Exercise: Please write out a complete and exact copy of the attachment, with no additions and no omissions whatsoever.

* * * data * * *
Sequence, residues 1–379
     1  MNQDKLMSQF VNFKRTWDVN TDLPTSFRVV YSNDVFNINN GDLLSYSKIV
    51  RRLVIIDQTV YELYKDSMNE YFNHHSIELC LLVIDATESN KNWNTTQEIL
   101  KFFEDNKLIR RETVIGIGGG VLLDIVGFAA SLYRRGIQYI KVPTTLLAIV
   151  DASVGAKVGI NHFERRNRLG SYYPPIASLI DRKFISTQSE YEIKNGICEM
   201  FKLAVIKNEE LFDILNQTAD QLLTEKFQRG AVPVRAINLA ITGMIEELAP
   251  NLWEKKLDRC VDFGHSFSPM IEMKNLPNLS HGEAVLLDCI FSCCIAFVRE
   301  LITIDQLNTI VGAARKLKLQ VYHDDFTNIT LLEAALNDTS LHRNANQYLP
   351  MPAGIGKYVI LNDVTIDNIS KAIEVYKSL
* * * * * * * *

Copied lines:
Sequence, residues 1–379
     1  MNQDKLMSQF VNFKRTWDVN TDLPTSFRVV YSNDVFNINN GDLLSYSKIV
    51  RRLVIIDQTV YELYKDSMNE YFNHHSIELC LLVIDATESN KNWNTTQEIL
   101  KFFEDNKLIR RETVIGIGGG VLLDIVGFAA SLYRRGIQYI KVPTTLLAIV
   151  DASVGAKVGI NHFERRNRLG SYYPPIASLI DRKFISTQSE YEIKNGICEM
   201  FKLAVIKNEE LFDILNQTAD QLLTEKFQRG AVPVRAINLA ITGMIEELAP
   251  NLWEKKLDRC VDFGHSFSPM IEMKNLPNLS HGEAVLLDCI FSCCIAFVRE
   301  LITIDQLNTI VGAARKLKLQ VYHDDFTNIT LLEAALNDTS LHRNANQYLP
   351  MPAGIGKYVI LNDVTIDNIS KAIEVYKSL